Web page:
'Mindhunter' Star Says Wisdom Comes at a Price in Season 2 (Exclusive)
By Stacy Lambe
Mindhunter, David Fincher’s thriller based on the true-crime book Mindhunter: Inside the FBI's Elite Serial Crime Unit, returns for a second season on Netflix. The series follows special agents Holden Ford (Jonathan Groff) and Bill Tench (Holt McCallany), who created the FBI’s Behavioral Science Unit in order to interview and profile serial killers with the hope of applying this knowledge to ongoing cases.
Season one saw the two agents sitting down with incarcerated serial killers Ed Kemper (portrayed by Cameron Britton, who earned an Emmy nomination for the role), Montie Rissell, Jerry Brudos and Richard Speck, as they tried to develop a methodology for their evolving research and get inside the twisted minds of these men.
Jumping ahead to 1979, season two sees the agents taking their work on the road as they continue to interview various notorious killers -- Charles Manson (Damon Herriman) and the Son of Sam, among others -- while also trying to solve two ongoing cases, the Atlanta Child Murders that took place from 1979 to 1981 and the BTK Strangler, who was responsible for killing several people in the Wichita, Kansas, area going back to 1974.
“The Unit discovered this technique for interviewing killers and understanding their minds,” Groff tells ET about Holden’s journey this season, which sees him getting involved in the efforts to solve the killings of young African-American kids living in Georgia. “Now he's obsessed with taking it on the field and seeing if it actually works in real life.”
Meanwhile, McCallany says that Bill is being pulled in multiple directions, as he attempts to balance his professional life with his personal one. “He wants to be a good husband and a good father, if he can -- he’s a flawed guy in certain ways but his intentions are honorable -- and he also wants to be a good detective,” the actors says. “His professional integrity is very important to him. And it's the tension that's created from trying to be in two places at one time and trying to divide his attentions and do both sides of his life equal justice that are the source of a lot of conflict in season two.”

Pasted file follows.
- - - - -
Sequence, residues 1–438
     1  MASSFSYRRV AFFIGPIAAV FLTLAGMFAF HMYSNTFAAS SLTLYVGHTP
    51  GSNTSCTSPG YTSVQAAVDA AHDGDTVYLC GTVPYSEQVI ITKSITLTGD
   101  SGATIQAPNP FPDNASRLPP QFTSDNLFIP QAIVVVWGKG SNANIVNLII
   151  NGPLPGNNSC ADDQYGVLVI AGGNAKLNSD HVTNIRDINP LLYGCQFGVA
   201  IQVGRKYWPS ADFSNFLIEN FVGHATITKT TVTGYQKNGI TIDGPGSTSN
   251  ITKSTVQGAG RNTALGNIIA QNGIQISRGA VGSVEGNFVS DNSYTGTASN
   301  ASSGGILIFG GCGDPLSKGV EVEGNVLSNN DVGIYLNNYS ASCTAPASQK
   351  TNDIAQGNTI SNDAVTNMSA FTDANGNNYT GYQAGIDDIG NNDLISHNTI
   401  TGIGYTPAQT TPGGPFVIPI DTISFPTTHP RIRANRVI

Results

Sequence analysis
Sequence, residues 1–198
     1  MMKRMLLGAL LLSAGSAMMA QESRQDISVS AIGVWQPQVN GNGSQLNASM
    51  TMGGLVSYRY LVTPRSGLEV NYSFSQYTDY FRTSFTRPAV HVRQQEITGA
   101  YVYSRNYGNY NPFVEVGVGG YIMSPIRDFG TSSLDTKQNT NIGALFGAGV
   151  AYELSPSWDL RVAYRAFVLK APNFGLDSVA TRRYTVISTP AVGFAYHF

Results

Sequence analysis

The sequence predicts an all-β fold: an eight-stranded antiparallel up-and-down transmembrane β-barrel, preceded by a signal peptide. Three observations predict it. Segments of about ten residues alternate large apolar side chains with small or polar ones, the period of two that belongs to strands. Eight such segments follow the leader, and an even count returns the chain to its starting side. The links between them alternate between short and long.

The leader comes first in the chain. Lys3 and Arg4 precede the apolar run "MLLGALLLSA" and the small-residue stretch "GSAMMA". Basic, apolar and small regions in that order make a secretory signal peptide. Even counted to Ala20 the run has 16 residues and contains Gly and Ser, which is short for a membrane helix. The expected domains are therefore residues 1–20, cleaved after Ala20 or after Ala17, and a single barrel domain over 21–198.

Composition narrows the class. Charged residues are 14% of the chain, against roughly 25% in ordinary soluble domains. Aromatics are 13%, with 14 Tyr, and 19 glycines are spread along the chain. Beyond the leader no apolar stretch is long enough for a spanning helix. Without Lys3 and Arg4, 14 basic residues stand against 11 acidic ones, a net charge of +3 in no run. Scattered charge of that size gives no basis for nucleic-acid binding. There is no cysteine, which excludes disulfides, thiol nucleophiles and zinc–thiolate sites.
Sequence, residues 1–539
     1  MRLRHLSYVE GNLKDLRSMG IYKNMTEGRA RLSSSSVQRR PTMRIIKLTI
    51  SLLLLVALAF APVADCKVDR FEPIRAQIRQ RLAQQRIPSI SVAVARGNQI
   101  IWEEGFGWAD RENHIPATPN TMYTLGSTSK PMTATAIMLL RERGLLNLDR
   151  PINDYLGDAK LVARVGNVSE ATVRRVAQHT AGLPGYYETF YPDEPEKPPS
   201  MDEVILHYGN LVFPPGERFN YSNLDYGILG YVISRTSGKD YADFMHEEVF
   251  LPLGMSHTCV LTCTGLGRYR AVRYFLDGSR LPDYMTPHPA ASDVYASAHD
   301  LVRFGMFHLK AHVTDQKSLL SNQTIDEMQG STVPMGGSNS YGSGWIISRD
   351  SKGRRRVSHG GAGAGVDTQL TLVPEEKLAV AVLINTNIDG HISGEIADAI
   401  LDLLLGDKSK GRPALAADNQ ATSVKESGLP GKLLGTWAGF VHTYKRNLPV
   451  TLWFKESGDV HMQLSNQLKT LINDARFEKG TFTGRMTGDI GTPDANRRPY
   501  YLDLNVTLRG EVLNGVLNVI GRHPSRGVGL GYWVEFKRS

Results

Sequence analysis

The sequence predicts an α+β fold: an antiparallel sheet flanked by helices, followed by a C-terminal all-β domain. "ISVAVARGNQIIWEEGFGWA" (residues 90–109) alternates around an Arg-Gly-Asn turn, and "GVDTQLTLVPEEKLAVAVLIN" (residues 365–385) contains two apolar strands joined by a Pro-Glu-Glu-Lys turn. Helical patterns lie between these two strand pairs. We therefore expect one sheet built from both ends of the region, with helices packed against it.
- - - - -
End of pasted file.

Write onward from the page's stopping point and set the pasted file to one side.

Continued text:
For Bill, in particular, that means taking the lead on trying to find out who the BTK Strangler is after the local police force comes up empty-handed. But things hit a little too close to home when it’s discovered a gruesome murder has taken place in his neighborhood, allowing for a bit of paranoia to creep in.
“Inevitably, they end up taking their work home with them because they become obsessed with trying to find these guys before they can kill again,” McCallany says. “They're constantly thinking about it, constantly going over it and over it and over it in their minds, and studying crime scene photos, and trying to put themselves into the minds of the killers, and they pay a price for that.”
Referring to a quote by Greek playwright Aeschylus, who said, “Wisdom comes alone through suffering,” McCallany says that the same goes for these agents. “We’re all a little wiser by the end of season two, but there was a price to pay along the way.”